Zooming back to our phones
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A study quoted by American academic Cal Newport, who specialises in data overload, said that the average worker was sending or receiving 126 emails a day and knowledge workers were checking their messages every six minutes. 

This, combined with the anecdotally reported drop in attention span experienced throughout the pandemic means that as we emerge blinking into the post-lockdown daylight, we may find we are now even easier to distract than we were previously.

Just as the “do you really need to print this email?” footer used to appear on emails we should maybe consider something that flashes up saying “do you really need to send this email.” Copying 18 people into an email that says “thanks” to only one of them is not only teeth-gnashingly infuriating, but also utterly pointless and diverts attention from valuable work.   A University of California-Irvine study noted that regaining momentum on a piece of work after an email interruption can take, on average, upwards of 20 minutes.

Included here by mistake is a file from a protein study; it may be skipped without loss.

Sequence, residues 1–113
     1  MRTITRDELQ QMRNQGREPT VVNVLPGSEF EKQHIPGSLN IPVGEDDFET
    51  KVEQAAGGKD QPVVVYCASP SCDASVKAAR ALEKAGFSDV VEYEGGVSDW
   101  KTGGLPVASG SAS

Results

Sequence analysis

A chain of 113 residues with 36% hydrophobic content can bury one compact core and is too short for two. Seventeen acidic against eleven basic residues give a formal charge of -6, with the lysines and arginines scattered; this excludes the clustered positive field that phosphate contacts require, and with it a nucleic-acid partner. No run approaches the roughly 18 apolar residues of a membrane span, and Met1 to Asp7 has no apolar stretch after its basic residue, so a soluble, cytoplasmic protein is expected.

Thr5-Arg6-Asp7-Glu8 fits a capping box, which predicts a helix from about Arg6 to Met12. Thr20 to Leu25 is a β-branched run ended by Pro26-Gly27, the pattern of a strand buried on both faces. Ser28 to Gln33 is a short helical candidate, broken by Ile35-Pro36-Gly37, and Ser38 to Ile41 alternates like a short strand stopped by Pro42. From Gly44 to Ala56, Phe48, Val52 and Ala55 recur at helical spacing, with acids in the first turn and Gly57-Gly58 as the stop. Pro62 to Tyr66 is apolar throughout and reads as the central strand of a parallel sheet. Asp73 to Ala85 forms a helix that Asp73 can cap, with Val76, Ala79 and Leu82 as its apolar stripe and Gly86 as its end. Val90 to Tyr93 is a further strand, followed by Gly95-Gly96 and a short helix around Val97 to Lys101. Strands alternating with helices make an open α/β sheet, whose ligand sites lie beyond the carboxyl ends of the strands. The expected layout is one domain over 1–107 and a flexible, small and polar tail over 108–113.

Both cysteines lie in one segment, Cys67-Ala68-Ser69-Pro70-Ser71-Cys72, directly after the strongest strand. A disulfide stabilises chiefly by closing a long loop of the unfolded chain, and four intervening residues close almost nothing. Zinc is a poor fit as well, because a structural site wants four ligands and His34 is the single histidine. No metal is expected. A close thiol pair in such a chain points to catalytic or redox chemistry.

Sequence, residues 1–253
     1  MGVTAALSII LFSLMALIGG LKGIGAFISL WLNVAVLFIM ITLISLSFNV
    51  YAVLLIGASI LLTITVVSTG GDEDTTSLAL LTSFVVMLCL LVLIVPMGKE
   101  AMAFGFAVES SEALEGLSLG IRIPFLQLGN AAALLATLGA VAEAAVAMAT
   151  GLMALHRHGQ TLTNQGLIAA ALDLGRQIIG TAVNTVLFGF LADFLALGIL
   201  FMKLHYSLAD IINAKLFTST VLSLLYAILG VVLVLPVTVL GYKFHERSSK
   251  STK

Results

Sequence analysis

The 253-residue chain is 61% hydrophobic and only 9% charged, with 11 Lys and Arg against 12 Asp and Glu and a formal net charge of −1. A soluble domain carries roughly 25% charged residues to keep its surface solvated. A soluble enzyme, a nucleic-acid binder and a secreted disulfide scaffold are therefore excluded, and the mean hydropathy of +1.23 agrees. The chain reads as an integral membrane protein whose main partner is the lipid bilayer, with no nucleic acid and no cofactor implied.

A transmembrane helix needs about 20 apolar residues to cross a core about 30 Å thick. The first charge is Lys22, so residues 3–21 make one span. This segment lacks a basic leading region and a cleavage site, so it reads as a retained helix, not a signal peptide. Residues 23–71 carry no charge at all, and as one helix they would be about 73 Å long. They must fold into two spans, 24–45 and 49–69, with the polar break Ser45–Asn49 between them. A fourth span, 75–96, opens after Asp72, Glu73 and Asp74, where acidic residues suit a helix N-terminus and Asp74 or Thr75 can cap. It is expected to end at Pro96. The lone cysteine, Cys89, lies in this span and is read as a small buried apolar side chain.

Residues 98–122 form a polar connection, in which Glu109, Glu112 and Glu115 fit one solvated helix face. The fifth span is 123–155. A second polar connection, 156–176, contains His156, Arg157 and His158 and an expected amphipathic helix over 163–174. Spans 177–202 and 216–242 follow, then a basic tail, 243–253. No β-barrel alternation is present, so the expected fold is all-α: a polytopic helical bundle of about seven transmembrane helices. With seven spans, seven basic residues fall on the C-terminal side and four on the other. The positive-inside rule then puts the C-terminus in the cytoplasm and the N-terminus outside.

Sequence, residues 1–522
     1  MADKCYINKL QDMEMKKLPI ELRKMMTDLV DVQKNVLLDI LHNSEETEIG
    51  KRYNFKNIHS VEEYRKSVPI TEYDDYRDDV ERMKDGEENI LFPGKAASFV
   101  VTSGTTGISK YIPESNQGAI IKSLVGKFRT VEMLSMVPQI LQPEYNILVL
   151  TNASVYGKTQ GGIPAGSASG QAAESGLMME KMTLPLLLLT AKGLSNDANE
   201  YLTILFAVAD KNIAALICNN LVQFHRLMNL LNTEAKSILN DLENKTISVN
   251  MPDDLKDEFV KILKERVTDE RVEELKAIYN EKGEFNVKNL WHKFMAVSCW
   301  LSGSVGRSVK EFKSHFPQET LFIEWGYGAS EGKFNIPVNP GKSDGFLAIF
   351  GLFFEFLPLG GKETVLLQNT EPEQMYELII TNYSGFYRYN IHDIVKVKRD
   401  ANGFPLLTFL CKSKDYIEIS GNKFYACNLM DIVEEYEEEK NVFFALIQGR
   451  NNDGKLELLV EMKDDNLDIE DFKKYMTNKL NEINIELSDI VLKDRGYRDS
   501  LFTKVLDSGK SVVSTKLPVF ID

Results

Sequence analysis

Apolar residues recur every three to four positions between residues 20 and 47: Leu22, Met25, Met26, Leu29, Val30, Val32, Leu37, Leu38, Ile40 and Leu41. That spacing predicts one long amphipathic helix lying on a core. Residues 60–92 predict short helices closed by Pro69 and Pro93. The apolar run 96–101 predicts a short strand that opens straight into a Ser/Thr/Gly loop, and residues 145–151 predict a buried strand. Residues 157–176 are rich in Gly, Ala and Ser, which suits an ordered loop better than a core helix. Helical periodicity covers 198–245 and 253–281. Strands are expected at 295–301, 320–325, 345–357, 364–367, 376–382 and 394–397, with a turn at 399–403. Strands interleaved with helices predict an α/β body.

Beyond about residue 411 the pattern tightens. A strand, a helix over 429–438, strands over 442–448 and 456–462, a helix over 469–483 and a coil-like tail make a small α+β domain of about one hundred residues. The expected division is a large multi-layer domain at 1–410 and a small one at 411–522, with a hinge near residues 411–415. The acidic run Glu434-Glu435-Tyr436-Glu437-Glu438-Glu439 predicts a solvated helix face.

Email overload can be managed with concentration apps like Pomodoro or Forest and advice can be gained from experts like the Mesmo Consultancy.  The new threat to our time and concentration however comes from Zoom.  What would have been, in the Before Times, a quick chat about a project update has now become a scheduled Zoom meeting which gives a possibly minor query an over-developed sense of importance.

Zoom fatigue is everywhere; video calls require us to work hard to pick up subtle body language clues which in person we’d pick up subconsciously.  Back-to-back Zoom calls are incredibly draining, so kudos to those companies who are championing No Zoom Fridays.  There’s nothing wrong with a phone call – it works perfectly well.  Give it a go.  Unless of course you want to show off your return to the hairdresser.  We’ll let you off then.